Many Greenwich Villagers who came to break the rules, when you get right down to it, were breaking the rules to bring release to themselves, but not to others. Ross Wetzsteon was a chronicler of Greenwich Village who loved the Village. He wrote for the Village Voice for years and later wrote The Republic of Dreams, a history of Greenwich Village, in which he wrote: "(They) defined a community obsessed with individualism, independence, self-expression, and self-fulfillment far more than with the radicalism and bohemianism for which the Village became famous." As Emma Goldman put it, "No life is worth anything that does not contain a great ideal." The Villagers sought to formulate an ideal, and to achieve it, but they failed. Consider . . .

  • Jackson Pollock revolutionized painting on 8th Street. He made no bones about it: art was salvation to him. But if we ask what kind of salvation his art brought to Jackson Pollock, we don't have much of an answer. Nobody drank more than Jackson Pollock. And nobody was meaner than Jackson Pollock. Eventually, he just couldn't escape. He was beset by paranoia. In the end, he probably killed himself with drink and reckless driving.

  • Take Edna St. Vincent Millay of Waverly Place who wanted to bring revolution through poetry: "Thou great offended God of love and kindness, We have denied, we have forgotten Thee!" After a series of mental breakdowns and increasingly emotionally unstable, St. Vincent Millay was eventually reduced to living as an invalid in a haze of alcohol.

  • From the Provincetown Playhouse on MacDougal Street, Eugene O'Neill revolutionized American theatre. But he could not enter "into a relationship with a woman without rage, without cruelty, without pain." Finally, he abandoned his wife and two children for another woman.

  • Mary Heaton Vorse, a deeply courageous woman who fought for labour rights, was estranged from her children, addicted to morphine.

About the revolutionaries of the Village, Ross Wetzsteon concludes:

But self-expression was an ideal all too easily debased. Its original goal had been the freedom of the individual from political, social, cultural, and moral constraints—which, the Villagers believed, would lead not to the chaos of unrestrained impulse but to justice, social harmony, cultural creativity, and moral honesty. But . . . those noble and naïve aspirations deteriorated into self-interest. Cynicism replaced idealism, self-consciousness replaced spontaneity, and the village ideal of self-expression was left without the higher purpose that had given it validity . . . I began this book believing the Village spirit has been characterized by youth and romance and adventure, joy and poetry and rebellion—and while that's certainly true, by the time I finished, I also realized the Village has been the scene of many disappointed dreams and miserable deaths.

Depending on the Revolutionary

For the revolutionaries of Greenwich Village, their revolutions were elusive—strained toward but beyond their grasps. Their own lives prevented them from realizing the revolution, and turning it into something that others could follow. They were geniuses. Many have tried to excuse their gross character flaws. But in the end, talent is no substitute for the ideal. When the revolutionary leader's own life doesn't line up with the ideals of the revolution, it's hard to follow without being disillusioned. The revolution that could have been, fizzles. The effectiveness of the revolution depends on the life of the revolutionary. Who can make good on the promise of what we're breaking the rules for, for release, for rest, for regeneration?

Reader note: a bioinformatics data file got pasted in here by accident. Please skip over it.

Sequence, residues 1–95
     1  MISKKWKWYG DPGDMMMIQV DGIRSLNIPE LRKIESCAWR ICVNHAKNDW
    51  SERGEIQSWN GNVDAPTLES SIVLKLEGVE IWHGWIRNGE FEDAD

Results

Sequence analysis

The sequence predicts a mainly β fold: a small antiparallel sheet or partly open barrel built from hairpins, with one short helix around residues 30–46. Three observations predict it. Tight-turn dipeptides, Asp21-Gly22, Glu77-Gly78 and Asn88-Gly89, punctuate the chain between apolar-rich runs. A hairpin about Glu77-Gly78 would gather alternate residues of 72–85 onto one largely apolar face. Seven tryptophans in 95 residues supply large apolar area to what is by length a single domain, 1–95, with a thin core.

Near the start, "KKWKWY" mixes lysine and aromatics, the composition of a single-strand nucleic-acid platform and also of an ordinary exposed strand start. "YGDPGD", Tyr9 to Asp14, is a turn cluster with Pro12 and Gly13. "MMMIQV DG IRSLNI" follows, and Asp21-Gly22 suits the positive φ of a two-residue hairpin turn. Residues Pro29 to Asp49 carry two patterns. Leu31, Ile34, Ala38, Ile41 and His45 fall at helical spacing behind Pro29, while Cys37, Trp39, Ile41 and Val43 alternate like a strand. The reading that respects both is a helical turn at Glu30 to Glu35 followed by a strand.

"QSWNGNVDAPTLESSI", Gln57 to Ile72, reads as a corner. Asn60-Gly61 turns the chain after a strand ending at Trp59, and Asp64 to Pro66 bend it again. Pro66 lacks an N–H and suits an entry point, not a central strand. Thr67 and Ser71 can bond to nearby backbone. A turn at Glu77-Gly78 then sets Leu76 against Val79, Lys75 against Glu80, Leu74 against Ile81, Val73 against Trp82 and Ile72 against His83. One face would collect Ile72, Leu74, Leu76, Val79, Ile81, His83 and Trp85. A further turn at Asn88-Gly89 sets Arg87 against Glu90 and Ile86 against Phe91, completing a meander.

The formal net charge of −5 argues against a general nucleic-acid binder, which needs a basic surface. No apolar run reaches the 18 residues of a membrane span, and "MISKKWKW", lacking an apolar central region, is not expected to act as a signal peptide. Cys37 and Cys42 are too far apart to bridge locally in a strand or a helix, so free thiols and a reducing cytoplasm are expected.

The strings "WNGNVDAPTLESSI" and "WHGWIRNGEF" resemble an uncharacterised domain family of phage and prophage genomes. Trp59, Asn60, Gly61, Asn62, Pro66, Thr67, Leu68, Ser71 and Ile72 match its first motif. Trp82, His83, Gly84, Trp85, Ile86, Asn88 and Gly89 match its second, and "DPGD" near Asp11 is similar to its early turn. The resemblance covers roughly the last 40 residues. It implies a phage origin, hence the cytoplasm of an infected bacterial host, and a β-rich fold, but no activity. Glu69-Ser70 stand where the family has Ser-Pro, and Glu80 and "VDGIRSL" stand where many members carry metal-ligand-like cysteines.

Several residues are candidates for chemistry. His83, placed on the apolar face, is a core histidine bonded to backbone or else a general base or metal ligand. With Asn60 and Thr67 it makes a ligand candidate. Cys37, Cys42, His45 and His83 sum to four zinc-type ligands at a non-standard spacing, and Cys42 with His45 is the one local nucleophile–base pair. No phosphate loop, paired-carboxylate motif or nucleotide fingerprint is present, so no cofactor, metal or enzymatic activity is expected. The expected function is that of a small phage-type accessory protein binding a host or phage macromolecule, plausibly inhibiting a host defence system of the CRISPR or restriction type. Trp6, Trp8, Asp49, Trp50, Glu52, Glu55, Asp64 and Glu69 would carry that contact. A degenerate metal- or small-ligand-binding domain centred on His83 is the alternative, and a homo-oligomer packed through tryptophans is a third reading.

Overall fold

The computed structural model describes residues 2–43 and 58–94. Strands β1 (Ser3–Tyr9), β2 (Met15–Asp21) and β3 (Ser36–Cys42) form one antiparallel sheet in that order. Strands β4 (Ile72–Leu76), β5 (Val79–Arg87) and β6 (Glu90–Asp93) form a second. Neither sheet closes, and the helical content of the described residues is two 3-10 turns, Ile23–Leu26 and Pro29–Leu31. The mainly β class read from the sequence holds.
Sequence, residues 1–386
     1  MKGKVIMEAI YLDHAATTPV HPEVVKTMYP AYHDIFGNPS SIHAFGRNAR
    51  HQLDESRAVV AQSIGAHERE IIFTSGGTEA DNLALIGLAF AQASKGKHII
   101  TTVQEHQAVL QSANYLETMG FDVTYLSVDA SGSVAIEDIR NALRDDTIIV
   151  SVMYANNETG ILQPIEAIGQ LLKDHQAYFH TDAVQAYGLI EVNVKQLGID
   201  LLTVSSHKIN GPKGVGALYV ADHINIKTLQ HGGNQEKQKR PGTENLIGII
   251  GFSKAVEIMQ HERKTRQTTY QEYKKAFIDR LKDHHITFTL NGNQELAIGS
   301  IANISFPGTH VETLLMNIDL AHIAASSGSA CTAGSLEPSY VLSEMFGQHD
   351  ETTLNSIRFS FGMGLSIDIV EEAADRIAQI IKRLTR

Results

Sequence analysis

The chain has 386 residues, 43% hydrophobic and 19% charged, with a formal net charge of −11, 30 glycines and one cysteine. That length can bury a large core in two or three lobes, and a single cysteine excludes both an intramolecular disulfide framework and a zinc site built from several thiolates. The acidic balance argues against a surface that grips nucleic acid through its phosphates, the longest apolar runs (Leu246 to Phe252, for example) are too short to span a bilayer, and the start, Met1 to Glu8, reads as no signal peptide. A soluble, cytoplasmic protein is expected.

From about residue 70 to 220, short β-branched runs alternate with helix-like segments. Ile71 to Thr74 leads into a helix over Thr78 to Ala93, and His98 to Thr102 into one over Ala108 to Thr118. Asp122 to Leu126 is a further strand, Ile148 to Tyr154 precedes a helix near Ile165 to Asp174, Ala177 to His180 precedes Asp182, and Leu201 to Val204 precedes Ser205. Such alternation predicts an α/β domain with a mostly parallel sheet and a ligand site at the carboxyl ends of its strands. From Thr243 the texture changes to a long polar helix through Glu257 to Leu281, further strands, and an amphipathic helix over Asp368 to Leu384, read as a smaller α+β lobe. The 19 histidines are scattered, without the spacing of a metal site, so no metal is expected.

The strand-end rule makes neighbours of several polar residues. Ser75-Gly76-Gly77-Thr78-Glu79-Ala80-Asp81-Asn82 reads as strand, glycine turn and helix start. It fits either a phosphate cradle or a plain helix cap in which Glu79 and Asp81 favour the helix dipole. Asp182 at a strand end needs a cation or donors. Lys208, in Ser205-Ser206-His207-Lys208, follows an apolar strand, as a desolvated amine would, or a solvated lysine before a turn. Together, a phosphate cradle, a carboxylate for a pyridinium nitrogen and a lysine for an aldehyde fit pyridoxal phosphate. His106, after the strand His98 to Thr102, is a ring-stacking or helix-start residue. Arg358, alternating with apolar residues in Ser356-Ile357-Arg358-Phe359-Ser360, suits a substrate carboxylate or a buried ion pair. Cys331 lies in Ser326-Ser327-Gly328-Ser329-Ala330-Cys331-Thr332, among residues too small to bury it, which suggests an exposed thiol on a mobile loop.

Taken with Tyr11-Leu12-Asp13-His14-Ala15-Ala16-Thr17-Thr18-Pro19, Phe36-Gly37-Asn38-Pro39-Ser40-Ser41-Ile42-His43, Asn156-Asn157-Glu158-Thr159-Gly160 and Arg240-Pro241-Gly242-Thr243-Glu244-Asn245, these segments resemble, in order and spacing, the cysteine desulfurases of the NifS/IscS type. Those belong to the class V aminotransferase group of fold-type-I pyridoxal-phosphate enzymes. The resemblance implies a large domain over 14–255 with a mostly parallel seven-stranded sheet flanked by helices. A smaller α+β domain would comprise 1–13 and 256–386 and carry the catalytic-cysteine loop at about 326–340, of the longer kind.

The qualities of a revolution can be defined in the quality of the life of the revolutionary.

Whenever you feel the need to break rules for renovation, for release, for rest, what you're feeling is the need for true revolution. The Ultimate Nonconformist is slowly bringing about a revolution. It may look different than some of the other rule-breaking that we're familiar with in Greenwich Village. That's because the one leading the revolution, the one leading the charge is different from the other rule-breakers.

Imagine a revolutionary new type of community. Imagine a community that's made alive through experience with God, instead of alienation from God.

Imagine a creative people who stand with each other. Who enjoy each other, who are not be driven by a need to be the greatest. Imagine a community where people can be honest, where each can be honest about his moral failures, and receive forgiveness from one another for those failures in a way that precipitates change. Imagine a community's seeking tolerance toward people who are outside the community, a tolerance of other people's beliefs because of a great conviction of their own.

Imagine a political movement that does not surrender moral prerogatives nor turn a blind eye to the huge inequalities and injustices that beset us. Imagine a corps of volunteers addressing social problems, without pay, motivated only by the compassion that comes from someone who's at rest with themselves. Malcolm Gladwell wrote a piece in the New Yorker in which he noticed that "in the past 20 years enthusiasm for publicly supported welfare has waned, churches have quietly and steadily stepped in to fill the gaps." Malcolm Gladwell looks at this on a national scale, what's actually happening, and describes the situation as "staggering."

Imagine this community. Imagine its pioneering impact on the city.

Follow the Revolutionary.

Topics: Cities
Sam Andreades
Sam Andreades

Rev. Samuel Aziel Andreades is pastor of the Village Church (PCA) in New York City. After attending Yale University (B.S., Geology & Geophysics, 1984), and being awarded Yale's Hammer Award for his thesis on acoustical wave travel through granites, Sam pursued a number of different occupations, eventually settling in New York City as a street-musician. He began playing his songs on guitar and harmonica regularly in Greenwich Village restaurants and was soon drawn into the New York City underground: the subway. Underneath the Village Sam found a place to contemplate rebellion against the grid of societal norm.